Friday, May 23, 2008

Indiana Jones and the Kingdom of the Crystal Skull

Dir. Steven Spielberg

Viewed: In the Balcony

Generally speaking I'm a fan of Mr. Spielberg. No other filmmaker made such an impression on my childhood imagination and my budding love for film. From Duel to Jaws to ET to Indiana Jones and the Raiders of the Lost Arc, Spielberg was mainlining fascinating stories and rich wonderful characters into my most precious of memories. And not only that, but he filmed these stories in a striking fashion that was unrivaled in mainstream film at the time; creating images along with those stories and characters that are forever burned in the minds of a generation of film fans. For these early movies of his, along with Close Encounters of the Third Kind and Empire of the Sun, Spielberg gets a pass on some of his many missteps of the past 20 years or so. It's not that I overlook such botched efforts like Hook or A.I., or turn a blind eye to the problems they have, but I can forgive him and easily dismiss the movies so that I can continue to look forward to his next one -- which at his rate probably won't be too far down the line. For every Hook there is a Munich, every Terminal a Shindler's List.

Indiana Jones and the Kingdom of the Crystal Skull falls short of being a smashing success, but it's entertaining enough to just avoid being one of his clunkers. Keep in mind that this is coming from a guy who sat through a marathon of the original trilogy at the Wang Center many years ago. I will say that I'll happily watch this one any day over Temple of Doom. That one is painful, Crystal Skull on the other hand is simply awkward and convoluted at times and never really gets off the ground. It starts and stops in a lot of places -- giving you scenes and sequences that promise to get the boulder rolling only to have it trail off to the side, awaiting the next push. Like Lucas said long before the movie was released, it's neigh impossible to live up to 20 years of anticipation. But there are some glaring issues that make this movie fall short of expectations.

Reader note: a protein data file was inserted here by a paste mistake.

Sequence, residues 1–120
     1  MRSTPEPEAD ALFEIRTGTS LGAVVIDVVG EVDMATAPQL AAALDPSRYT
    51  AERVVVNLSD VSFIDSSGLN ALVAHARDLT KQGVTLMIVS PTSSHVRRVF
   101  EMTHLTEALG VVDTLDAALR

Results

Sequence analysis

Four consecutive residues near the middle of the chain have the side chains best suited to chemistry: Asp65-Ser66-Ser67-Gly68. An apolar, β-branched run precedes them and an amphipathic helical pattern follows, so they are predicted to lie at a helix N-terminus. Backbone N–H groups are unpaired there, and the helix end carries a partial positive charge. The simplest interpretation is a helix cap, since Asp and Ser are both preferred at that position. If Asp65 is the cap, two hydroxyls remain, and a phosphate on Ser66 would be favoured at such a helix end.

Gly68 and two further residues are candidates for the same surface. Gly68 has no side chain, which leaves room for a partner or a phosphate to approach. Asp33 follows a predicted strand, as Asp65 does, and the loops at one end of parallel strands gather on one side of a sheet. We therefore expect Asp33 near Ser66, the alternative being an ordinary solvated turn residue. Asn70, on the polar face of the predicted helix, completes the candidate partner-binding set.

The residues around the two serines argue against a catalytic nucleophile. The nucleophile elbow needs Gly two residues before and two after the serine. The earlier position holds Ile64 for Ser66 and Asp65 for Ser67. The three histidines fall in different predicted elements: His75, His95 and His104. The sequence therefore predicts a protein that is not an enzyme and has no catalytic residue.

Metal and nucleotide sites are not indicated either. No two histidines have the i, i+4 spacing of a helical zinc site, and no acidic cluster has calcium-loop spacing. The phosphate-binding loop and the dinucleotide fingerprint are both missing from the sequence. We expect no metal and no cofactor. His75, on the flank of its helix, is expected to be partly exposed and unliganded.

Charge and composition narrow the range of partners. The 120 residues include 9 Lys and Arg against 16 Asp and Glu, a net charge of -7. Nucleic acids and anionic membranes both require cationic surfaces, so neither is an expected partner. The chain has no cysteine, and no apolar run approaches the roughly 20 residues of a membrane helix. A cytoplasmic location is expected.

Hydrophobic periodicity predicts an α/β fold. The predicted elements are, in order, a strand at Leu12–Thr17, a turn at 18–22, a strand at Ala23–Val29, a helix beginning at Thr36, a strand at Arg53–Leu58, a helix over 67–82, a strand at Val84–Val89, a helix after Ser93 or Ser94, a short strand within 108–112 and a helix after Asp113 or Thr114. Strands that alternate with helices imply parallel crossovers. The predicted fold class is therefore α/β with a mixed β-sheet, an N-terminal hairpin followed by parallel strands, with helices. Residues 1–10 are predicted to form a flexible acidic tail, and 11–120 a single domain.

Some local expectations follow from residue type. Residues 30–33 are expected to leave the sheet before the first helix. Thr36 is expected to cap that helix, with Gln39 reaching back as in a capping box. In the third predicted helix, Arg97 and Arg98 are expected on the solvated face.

We start off in the desert, Area 51 circa mid 1950s, about 10 years after the Roswell incident. After Indy and his colleague are pulled from the trunk of a car by Cate Blanchett's team of Russian goons we find out that he was on the ground crew in charge of cleaning up the Roswell crash site and now he's being forced to help the Russians find one of the objects pulled from the crash so they may use it for their nefarious means. And so it goes for a little over two hours. Indy gets captured, figures out some piece of the puzzle, escapes, gets captured again, etc. It seems Blanchett's been globe trotting in search of alien remains that contain super psychic powers that she wants to use to give the Red Scare even more menace. One problem is that the sought after crystal skulls don't really offer much in the way of menace or the inherent awe that comes with religious objects like the arc of the covenant or the holy grail. There is of course age old theories about some of our oldest wonders being given a hand in creation by extra-terrestrial (or extra-dimensional?) visitors, but as well as that idea being the lynch-pin of an Indiana Jones story might sound on paper, it comes off a lacking on screen. I can buy the premise for the sake of the movie but I can't help wishing they'd gone off in search for Atlantis or something with more thematic heft than crystal skulls.